Those Who Sleep in Jesus

We sorrow, but not like those who have no hope.

1 Thessalonians 4 (4)

Pray Psalm 16.7-9.
I will bless the LORD who has given me counsel;
My heart also instructs me in the night seasons.
I have set the LORD always before me;
Because He is at my right hand I shall not be moved.
Therefore my heart is glad, and my glory rejoices;
My flesh also will rest in hope.

Read 1 Thessalonians 4.13, 14.

1. Why is “sleeping” a good way of thinking about Christians who have died?

2. What is the basis for our confidence in the day of resurrection? Why should that give us hope?

Apparently, some members of the believing community in Thessalonica had died since Paul left them. Naturally, this would cause grieving, and grieving is what Christians must do at such times. However, as Paul notes, Christians do not grieve “as others who have no hope.” We grieve the loss of loved ones, but we do not despair. If our loved ones knew the Lord, then they have merely “fallen asleep” in Him, and we will see them again. If they did not know the Lord, then we at least may take comfort in the promise of resurrection for ourselves, and rest our loved ones in the goodness and wisdom of God, Who does all things well.

When we die, our bodies go to the grave. Our soul, however, goes directly to the Lord, to be ultimately disposed to one end or the other, whether to heaven or to hell, in either place, to wait for the day of resurrection and the joining of body and soul for eternity.

The resurrection of Jesus Christ is the guarantee that we who believe in Him will also rise (v. 14). We need to know this and know it firmly (v. 13), for this is the Christian’s blessed hope, that one day, because of Jesus and with Him (v. 14), we will rise again, be glorified in our bodies, and live in the presence of God’s glory forever.

So while we sorrow at the loss of loved ones, we focus on Jesus, alive from the dead and preparing even now to return and take us as His Bride. Thus we grieve, but we grieve with hope, and rejoice in the Lord and His precious and very great promises. Let us never be ignorant of this great promise, and let us ever cling to this blessed hope.

1. How is the grieving of Christians not like the grieving of those who have no hope?

2. Is it a good idea to be as clear as possible about the day of resurrection and life in the new heavens and new earth? Why? 

3. Are heaven and the new heavens and new earth the same thing? How are they alike? How are they different?

Thus when we have to face the hard and cruel necessity of death, we are upheld by this consolation, that we shall shortly see again those whose absence we now mourn. For their end is not called death but a slumber and a falling asleep. Jerome (347-420 AD), Letters 75.1

Give me an ever-clearer vision of Jesus, exalted in glory and coming again, so that I…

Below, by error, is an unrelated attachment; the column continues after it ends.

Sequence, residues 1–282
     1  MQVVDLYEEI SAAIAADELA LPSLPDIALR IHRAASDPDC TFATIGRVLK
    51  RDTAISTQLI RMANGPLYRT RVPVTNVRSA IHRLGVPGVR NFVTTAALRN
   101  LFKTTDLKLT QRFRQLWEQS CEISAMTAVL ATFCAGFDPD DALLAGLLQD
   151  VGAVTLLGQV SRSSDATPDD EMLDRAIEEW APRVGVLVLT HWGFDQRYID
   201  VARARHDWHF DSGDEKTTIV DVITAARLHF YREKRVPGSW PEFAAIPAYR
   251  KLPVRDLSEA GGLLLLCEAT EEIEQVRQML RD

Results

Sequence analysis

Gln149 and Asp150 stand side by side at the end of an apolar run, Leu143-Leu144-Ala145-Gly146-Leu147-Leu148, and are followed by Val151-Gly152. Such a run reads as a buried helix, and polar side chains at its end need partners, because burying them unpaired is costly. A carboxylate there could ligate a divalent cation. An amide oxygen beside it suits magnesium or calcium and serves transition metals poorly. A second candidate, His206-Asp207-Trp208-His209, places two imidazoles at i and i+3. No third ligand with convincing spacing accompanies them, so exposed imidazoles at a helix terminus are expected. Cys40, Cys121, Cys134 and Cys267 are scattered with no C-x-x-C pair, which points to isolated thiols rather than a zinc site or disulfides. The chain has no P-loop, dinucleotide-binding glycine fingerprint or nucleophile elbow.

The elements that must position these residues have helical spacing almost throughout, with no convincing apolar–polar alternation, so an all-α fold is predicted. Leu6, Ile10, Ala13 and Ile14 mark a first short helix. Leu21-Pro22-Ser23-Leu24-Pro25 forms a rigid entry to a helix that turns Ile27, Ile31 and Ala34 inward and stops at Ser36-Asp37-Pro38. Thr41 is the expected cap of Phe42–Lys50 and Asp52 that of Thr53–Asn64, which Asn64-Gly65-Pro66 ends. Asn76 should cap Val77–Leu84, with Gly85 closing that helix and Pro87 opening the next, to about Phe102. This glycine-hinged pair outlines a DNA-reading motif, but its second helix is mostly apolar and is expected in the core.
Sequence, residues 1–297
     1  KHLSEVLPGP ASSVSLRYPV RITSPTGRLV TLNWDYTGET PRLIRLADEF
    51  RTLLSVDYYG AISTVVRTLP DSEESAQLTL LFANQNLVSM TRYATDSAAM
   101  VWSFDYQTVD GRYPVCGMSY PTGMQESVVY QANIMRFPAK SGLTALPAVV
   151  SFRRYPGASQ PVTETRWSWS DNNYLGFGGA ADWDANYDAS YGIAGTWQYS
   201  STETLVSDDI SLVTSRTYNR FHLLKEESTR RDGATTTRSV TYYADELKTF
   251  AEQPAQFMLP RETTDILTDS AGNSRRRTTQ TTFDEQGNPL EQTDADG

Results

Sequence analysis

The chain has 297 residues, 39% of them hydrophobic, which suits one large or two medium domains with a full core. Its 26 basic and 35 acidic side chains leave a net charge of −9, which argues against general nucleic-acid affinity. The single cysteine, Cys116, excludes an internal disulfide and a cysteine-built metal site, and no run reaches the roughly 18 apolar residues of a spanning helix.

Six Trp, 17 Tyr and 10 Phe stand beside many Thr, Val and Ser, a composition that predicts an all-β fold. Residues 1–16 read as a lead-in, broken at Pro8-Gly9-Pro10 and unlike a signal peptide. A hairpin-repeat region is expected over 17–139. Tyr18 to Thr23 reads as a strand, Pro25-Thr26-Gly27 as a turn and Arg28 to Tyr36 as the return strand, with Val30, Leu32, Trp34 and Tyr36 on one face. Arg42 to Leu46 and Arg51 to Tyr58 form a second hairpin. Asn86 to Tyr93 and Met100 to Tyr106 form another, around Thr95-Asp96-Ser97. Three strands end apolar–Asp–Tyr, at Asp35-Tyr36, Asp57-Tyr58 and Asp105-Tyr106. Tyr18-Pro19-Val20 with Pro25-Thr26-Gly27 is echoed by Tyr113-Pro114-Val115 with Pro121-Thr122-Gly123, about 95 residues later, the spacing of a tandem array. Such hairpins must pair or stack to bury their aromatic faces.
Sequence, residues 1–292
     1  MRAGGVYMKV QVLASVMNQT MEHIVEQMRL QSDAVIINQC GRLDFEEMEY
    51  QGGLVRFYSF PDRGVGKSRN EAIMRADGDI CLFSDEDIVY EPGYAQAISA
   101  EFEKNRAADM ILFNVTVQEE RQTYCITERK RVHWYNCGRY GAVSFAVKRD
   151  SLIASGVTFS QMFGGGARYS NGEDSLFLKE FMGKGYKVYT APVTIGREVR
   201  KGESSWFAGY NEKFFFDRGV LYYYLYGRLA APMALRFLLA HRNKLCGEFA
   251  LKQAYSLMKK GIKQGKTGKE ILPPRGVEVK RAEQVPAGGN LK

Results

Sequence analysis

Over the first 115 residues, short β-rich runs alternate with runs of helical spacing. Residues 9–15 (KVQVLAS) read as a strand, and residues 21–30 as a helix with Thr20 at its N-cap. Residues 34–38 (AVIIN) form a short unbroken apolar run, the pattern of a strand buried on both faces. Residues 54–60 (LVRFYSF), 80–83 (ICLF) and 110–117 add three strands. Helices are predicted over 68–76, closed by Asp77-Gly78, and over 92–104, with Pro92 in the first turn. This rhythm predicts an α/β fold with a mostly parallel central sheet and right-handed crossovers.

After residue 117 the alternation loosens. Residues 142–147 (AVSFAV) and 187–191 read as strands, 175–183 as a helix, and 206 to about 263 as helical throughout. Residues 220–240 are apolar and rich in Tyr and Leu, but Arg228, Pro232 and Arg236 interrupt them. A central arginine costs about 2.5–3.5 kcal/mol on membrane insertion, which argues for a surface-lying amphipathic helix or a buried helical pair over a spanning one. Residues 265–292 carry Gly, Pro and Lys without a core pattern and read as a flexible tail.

Pray Psalm 16.

As you pray, count the number of ways the Lord is good to you. Let your mind focus on Jesus, exalted in glory, and thank God for the promised day of resurrection.

Sing to the Lord.
Psalm 16 (All to Christ: Jesus Paid it All)
Preserve me, O my God; I refuge seek in You. 
You alone are all my good, my Lord and Savior true!
Refrain v. 11 
Make me know life’s way! Pleasures fill Your hand.
Fill my life with joy each day! Before Your face I stand. 

The saints within the earth, majestic in their day, 
Delight me with the worth of all they do and say. 

They endless tears shall weep who worship idols vain; 
Their ways I will not keep, nor speak their empty names. 

My portion and my cup are You, my Savior dear; 
You help and hold me up and ever keep me near. 

I bless Your Name, O Lord; my mind instructs each night;
You teach me by Your Word and guide me in the right. 

You are ever with me, Lord; in You I shall not fall. 
But rejoicing in Your Word, I abide within Your call. 

Soon Your glory I shall see, for as Jesus rose again, 
You will come to gather me to my home with You in heav’n.

T. M. Moore

Where do 1 and 2 Thessalonians fit in the unfolding of God’s covenant? Order our workbook, God’s Covenant, and find out how all Scripture fits within this redemptive framework (click here).

Forward today’s study to some friends, and challenge them to study with you through this series on 1 and 2 Thessalonians. Each week’s lessons will be available as a free PDF download at the end of the week. Get a copy for yourself and send the link to the download to your friends. Plan to meet weekly to study Paul’s ministry and prepare for your own.

If you value Scriptorium as a free resource for your walk with the Lord, please consider supporting our work with your gifts and offerings. You can contribute to The Fellowship by clicking the Contribute button  at the website or by sending your gift to The Fellowship of Ailbe, 19 Tyler Drive, Essex Junction, VT 05452.

Except as indicated, Scripture taken from the New King James Version. © Copyright 1982 by Thomas Nelson, Inc. Used by permission. All rights reserved. All psalms for singing adapted from The Ailbe Psalter. All quotations from Church Fathers from Ancient Christian Commentary Series, General Editor Thomas C. Oden (Downers Grove: InterVarsity Press, 2006).All psalms for singing are from The Ailbe Psalter (available by clicking here).

T.M. Moore

T. M. Moore is principal of The Fellowship of Ailbe, a spiritual fellowship in the Celtic Christian tradition. He and his wife, Susie, make their home in Essex Junction, VT. 

Today's ReVision


God rules everything.

Join the Ailbe Community

The Fellowship of Ailbe Newsletters